White Sox

Why J.D. Martinez would be a perfect fit for the White Sox — and it's not just dingers


Why J.D. Martinez would be a perfect fit for the White Sox — and it's not just dingers

It’s easy for White Sox fans to want J.D. Martinez on the South Side.

The guy was so good for the 2018 world-champion Boston Red Sox that he won not one but two Silver Sluggers, that in addition to his fourth-place finish in the AL MVP vote. He’s launched 184 homers since the start of the 2015 season. He’s a three-time All Star and one of the best sluggers in the game.

He’s expected to be one of the headliners on the free-agent market this winter — if he, as is anticipated, opts out of the remaining three years on his deal in Beantown — and would be the ideal solution to the White Sox problem at designated hitter. Martinez slashed .304/.383/.557 in 2019, compared to the abysmal .205/.285/.356 line put up by White Sox DHs.

See? Easy.

But let’s make White Sox fans even more gaga for this guy.

Martinez’s unrivaled production makes him the dream add to the middle of the White Sox batting order, but there are other attributes that come with any player, and it sounds as if Martinez has ones the White Sox should crave.

Talking with NBC Sports Boston’s John Tomase on Tuesday’s edition of the White Sox Talk Podcast, we here in Chicago learned some more about Martinez as a clubhouse presence and an influence on young up-and-coming stars.

“This is what could make Chicago an intriguing destination for him and for them: You obviously have that great young core on the left side with (Yoan) Moncada and (Tim) Anderson and (Eloy) Jimenez, and those are guys that could benefit from J.D. Martinez,” Tomase said. “When he arrived with the Red Sox, one of the first things he did was he took Mookie Betts under his wing, he took Xander Bogaerts under his wing. And he’s a guy that’s one of those old-school, ‘I will talk to you about hitting, I have a million ideas about hitting, and that is all we will talk about,’ and that’s exactly what those guys needed.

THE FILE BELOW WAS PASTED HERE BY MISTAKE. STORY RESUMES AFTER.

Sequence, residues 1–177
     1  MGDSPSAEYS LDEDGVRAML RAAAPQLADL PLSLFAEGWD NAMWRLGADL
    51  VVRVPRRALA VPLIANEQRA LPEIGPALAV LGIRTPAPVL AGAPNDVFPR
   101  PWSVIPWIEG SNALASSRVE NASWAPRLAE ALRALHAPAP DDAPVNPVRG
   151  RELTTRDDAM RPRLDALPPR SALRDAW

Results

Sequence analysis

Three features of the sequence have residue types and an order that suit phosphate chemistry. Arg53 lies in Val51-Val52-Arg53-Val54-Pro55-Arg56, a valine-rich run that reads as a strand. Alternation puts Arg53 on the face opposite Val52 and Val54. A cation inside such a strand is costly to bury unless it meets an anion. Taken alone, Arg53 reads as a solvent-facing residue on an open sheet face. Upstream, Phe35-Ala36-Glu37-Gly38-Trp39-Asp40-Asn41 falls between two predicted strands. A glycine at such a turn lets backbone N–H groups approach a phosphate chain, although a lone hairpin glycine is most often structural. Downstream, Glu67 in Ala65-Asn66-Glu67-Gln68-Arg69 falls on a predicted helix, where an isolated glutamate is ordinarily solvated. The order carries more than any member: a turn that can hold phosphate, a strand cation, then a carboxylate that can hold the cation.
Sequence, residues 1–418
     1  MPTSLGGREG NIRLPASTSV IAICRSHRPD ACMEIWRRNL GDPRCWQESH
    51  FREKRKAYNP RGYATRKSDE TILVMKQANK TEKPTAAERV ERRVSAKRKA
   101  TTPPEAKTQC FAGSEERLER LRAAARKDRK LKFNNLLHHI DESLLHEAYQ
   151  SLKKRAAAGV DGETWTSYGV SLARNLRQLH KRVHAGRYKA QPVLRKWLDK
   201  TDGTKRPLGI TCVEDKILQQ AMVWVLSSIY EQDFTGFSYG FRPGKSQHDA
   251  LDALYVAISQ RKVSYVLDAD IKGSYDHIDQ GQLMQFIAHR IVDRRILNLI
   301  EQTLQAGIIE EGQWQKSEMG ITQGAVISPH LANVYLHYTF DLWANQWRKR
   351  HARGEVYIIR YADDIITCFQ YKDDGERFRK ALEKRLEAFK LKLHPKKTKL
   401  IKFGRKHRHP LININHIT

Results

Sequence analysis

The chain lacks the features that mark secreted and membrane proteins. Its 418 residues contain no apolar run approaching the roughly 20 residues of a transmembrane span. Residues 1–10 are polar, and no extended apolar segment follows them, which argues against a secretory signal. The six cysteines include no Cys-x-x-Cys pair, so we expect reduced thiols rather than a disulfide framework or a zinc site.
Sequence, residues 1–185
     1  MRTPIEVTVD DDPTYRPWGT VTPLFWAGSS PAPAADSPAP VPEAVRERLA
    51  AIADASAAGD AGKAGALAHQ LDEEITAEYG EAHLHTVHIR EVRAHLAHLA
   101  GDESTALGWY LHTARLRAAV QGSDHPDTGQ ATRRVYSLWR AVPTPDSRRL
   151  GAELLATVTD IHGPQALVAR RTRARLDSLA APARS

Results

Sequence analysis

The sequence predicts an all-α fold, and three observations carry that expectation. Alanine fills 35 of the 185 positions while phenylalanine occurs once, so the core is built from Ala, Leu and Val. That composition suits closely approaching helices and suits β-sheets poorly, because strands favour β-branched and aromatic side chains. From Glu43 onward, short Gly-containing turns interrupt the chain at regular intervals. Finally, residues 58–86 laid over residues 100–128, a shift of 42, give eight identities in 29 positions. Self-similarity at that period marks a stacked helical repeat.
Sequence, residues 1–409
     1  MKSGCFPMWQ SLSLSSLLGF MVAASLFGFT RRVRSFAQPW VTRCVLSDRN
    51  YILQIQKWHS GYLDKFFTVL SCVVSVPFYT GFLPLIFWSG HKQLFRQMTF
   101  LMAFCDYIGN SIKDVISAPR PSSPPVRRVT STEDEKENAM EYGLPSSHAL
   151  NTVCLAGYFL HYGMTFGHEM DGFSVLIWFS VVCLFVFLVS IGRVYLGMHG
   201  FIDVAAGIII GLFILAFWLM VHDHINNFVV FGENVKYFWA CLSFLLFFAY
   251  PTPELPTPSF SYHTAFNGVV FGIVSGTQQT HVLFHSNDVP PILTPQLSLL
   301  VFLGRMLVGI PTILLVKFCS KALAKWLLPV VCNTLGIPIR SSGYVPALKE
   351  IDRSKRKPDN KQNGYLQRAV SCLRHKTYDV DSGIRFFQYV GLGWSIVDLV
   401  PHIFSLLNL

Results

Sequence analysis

“I don’t think it’s any coincidence that Mookie became an MVP — I know he had been second in that race a couple years earlier — but he was the MVP last year. And Bogaerts, in particular, was somebody who hit the ball as hard as anybody in baseball, but it was always on the ground, and J.D. was the one who convinced him, even more than Red Sox hitting coaches, who tried to get the same message across, ‘You need to start hitting the ball in the air. If you hit it 110 miles an hour with a launch angle of one degree, it’s going to be a ground out to short. If it’s a 14-degree launch angle, it’s a double off the wall.’

“And so when I look at Chicago’s young nucleus of hitters, I say, ‘J.D. Martinez could be a perfect fit for that group.’

“And not only that, he’s bilingual, he’s Cuban-American, he relates to American players, he relates to Hispanic players. So he can sort of be one of those guys who’s a bridge within the clubhouse culture, that’s important. So I just think you can really make a case, if you’re the White Sox, that it would be money well spent to add him to your team.”

That’s music to White Sox fans’ ears.

Many of those same fans, of course, will remain skeptical that the White Sox can land a big-name free agent, especially after the way last offseason’s Manny Machado sweepstakes played out. General manager Rick Hahn has said that skepticism will remain and any “false narratives” about the team will persist until his front office proves them wrong.

The White Sox have the financial flexibility to pay a big-name, big-money free agent like Martinez. Whether they will outbid other suitors remains to be seen, obviously, and they didn’t outbid the San Diego Padres, in terms of guaranteed money, for Machado last winter.

But just as crucial a factor will be getting these free agents to buy into the White Sox bright future. Hahn argues he’s in a much better position to do that this time around than he was last year thanks to the 2019 performances of Moncada, Anderson, Jimenez, Lucas Giolito and others.

“I really think we’ve gotten to the point where we don’t need to sell the team or talk about the future because it’s evident to everyone around the league what’s coming,” he said during his end-of-season press conference last month. “I’ve heard from my peers in other organizations, I know I’ve heard from players in the clubhouse what their peers have said. The coaches talk. There’s a lot of positive buzz about where this team is headed.